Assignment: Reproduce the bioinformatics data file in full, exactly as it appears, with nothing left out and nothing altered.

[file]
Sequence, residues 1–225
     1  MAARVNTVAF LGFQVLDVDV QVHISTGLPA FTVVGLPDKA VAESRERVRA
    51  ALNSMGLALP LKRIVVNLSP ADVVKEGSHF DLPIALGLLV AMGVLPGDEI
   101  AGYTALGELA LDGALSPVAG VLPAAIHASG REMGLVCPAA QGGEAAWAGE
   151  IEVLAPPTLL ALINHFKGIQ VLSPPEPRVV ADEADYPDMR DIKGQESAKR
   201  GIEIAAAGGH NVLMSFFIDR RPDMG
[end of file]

Sequence, residues 1–225
     1  MAARVNTVAF LGFQVLDVDV QVHISTGLPA FTVVGLPDKA VAESRERVRA
    51  ALNSMGLALP LKRIVVNLSP ADVVKEGSHF DLPIALGLLV AMGVLPGDEI
   101  AGYTALGELA LDGALSPVAG VLPAAIHASG REMGLVCPAA QGGEAAWAGE
   151  IEVLAPPTLL ALINHFKGIQ VLSPPEPRVV ADEADYPDMR DIKGQESAKR
   201  GIEIAAAGGH NVLMSFFIDR RPDMG